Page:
When team members share company content, everybody wins. Sharing content shows pride, helps build your brand, and ultimately shows a thriving company culture.

But as a marketing manager, you want your team members to share content because they want to, not because they have to. You want to create content that your team members will share without being asked, the type of stuff that supports their personal brands.

When creating content and developing team sharing programs, it’s essential to understand how people use social sharing to craft their personal brands. What are your team members currently sharing? Why do they share what they do? How can you create assets that they’re excited about sharing?

Ultimately, social media allows you and your team to build personal brands, crafting the people you want to be. It’s your job to understand the links between personal branding and sharing on social. In this article, we’ll explain the link between social sharing and perception, and provide some tips on how you can understand your own brand, and communicate your findings to your team.

The Link Between Social Sharing and Perception

Your team members may not be responsible for the company Twitter handle, but they’re in full control of their own social sharing, whether they prefer to do it on LinkedIn, Pinterest, or Snapchat. What they share says a lot about who they are.

The New York Times Customer Insight Group conducted a study and discovered that there are five key reasons people decide to share something with others on social media:

  • Entertainment – People share content to entertain their audiences, whether that audience is made up of friends, family, or colleagues.
  • Define Ourselves – People share to show the world who they are and define the type of person they want to be.
  • Relationships – People share content to build relationships with other people, for example sharing a post written by a friend.
  • Self-Fulfillment – People share to make themselves feel good about who they are, and where they’re going.
  • Support a Cause – People share to show their support for a particular cause.

Understanding why you and your team members share what you do can help you tap into what will resonate on social, and help you build a personal brand that accurately reflects who you are. It can also help you understand how others perceive what you share. When they see your content, they may have predefined notions about why you’ve shared something.

Decide Who You Want to Be

Before you can dig deep into your social sharing behavior, you have to decide who you want to be. Do you want to be professional in your social media presence? Would you prefer to be entertaining?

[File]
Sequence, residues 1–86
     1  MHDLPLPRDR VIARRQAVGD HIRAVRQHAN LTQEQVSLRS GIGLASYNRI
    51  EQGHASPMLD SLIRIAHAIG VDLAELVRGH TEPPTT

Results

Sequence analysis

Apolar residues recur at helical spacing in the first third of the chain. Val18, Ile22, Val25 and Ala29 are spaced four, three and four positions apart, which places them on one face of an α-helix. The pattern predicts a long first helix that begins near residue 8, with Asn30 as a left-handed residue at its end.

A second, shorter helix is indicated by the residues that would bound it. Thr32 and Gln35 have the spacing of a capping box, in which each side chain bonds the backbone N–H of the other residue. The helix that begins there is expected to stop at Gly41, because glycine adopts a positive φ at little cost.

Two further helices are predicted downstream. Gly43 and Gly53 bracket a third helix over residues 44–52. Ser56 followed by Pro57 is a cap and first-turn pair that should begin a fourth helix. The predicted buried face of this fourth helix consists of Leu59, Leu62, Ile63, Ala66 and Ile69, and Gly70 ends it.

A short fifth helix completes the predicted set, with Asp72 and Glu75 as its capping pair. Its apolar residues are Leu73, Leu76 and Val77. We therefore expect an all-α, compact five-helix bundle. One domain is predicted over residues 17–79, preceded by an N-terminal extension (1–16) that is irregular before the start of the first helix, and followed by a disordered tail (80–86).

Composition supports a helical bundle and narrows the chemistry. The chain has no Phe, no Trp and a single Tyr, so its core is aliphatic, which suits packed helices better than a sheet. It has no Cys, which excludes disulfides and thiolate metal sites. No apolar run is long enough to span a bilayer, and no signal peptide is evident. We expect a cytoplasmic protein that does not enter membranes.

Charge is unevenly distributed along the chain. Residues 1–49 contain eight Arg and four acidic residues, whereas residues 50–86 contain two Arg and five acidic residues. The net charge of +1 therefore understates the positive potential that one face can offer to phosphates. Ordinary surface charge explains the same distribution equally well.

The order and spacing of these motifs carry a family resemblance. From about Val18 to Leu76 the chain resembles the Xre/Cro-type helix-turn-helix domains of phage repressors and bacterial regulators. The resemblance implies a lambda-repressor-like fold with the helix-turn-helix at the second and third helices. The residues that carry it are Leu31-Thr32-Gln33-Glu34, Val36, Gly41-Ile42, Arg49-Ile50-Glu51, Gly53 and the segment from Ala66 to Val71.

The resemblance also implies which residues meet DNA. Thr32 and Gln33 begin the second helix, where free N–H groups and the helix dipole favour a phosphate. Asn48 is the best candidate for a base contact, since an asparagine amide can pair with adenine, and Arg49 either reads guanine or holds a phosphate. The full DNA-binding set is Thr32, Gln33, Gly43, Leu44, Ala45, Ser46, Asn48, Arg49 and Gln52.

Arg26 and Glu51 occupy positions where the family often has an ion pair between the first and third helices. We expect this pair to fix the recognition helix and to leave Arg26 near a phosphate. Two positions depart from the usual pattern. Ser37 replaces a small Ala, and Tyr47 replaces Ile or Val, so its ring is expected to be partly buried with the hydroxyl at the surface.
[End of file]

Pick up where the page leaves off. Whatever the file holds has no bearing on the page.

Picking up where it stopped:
According to the study, 68% of people share to let others know who they are and what they care about. Even if you haven’t thought about how others perceive you before, it will be good to think about it now.

Make sure that the person you wants to be lines up with your professional goals. Does this presence serve your company well? Does it serve your colleagues well, too?

Do a Sharing Audit

Start by looking at your Twitter or Facebook page. What have you recently shared? Make a list of your ten most recent shares, and write down your reason for sharing these items. The reasons can be as simple as “thought my audience would like it” or “just thought this was cool.”

Once you’ve looked at your most recent shares, consider how these would look to someone else. Would they think you’re obsessed with sports because you’ve only shared content on sports?

Try to categorize each share into one of the five categories above, and see how you’re sharing. If you’re constantly trying to entertain, maybe it’s time to take a step back and share some content that connects with your audience.

Share the Right Stuff

Once you’ve determined who you’d like to be on social media, as well as completed a mini-sharing audit, you can start sharing the right stuff.

Each time you share something new, ask yourself why you’re sharing it, and how it will look to others. Is the content meant to entertain, or will it help you connect and build relationships? You should have a healthy smattering of different types of content.

This doesn’t mean you have to have a draconian social sharing policy. Instead, the key is to be deliberate with what you share.

Inform Your Team

It’s easy to look at your own personal brand in terms of what you’ve shared, and maybe you’ve already done so. It’s your job, however, to make sure your team members understand how their social sharing affects how others perceive them.

Encourage each member of your team to do a social sharing audit, but don’t make it into a punishment. Instead, encourage them to explore why they share what they do, and explain why most people share online.

When people look at what they share and start seeing it from someone else’s perspective, they begin to see how their social media pages contribute to their personal brand, and they begin to feel more ownership over the channel.